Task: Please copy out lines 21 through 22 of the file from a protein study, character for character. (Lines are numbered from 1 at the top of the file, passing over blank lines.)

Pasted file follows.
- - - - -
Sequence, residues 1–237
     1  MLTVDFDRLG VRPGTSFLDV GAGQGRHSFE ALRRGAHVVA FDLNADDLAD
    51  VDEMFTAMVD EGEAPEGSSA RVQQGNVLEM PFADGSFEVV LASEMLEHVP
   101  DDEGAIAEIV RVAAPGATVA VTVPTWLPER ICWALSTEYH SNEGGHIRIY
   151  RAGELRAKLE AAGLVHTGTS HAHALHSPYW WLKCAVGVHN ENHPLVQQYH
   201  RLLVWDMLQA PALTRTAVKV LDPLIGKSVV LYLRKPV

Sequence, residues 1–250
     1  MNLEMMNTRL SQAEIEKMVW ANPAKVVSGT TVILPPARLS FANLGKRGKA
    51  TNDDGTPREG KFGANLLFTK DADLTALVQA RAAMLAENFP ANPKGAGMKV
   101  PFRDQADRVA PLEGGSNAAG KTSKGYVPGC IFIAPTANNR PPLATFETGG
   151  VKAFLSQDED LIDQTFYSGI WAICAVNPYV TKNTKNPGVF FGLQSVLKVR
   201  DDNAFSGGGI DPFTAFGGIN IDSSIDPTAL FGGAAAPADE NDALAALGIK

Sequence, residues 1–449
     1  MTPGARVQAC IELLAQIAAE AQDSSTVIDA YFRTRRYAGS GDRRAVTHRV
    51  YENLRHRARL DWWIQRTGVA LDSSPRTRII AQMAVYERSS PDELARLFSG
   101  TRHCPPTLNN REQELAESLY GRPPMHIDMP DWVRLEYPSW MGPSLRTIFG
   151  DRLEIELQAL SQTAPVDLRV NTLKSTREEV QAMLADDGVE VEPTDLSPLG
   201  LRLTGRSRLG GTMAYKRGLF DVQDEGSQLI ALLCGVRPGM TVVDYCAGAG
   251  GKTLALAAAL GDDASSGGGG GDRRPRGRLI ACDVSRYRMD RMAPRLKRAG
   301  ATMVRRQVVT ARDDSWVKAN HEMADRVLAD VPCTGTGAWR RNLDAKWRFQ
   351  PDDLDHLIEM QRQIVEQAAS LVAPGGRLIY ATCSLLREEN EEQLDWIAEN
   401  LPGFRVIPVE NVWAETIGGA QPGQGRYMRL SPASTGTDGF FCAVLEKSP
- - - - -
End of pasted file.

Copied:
   351  PDDLDHLIEM QRQIVEQAAS LVAPGGRLIY ATCSLLREEN EEQLDWIAEN
   401  LPGFRVIPVE NVWAETIGGA QPGQGRYMRL SPASTGTDGF FCAVLEKSP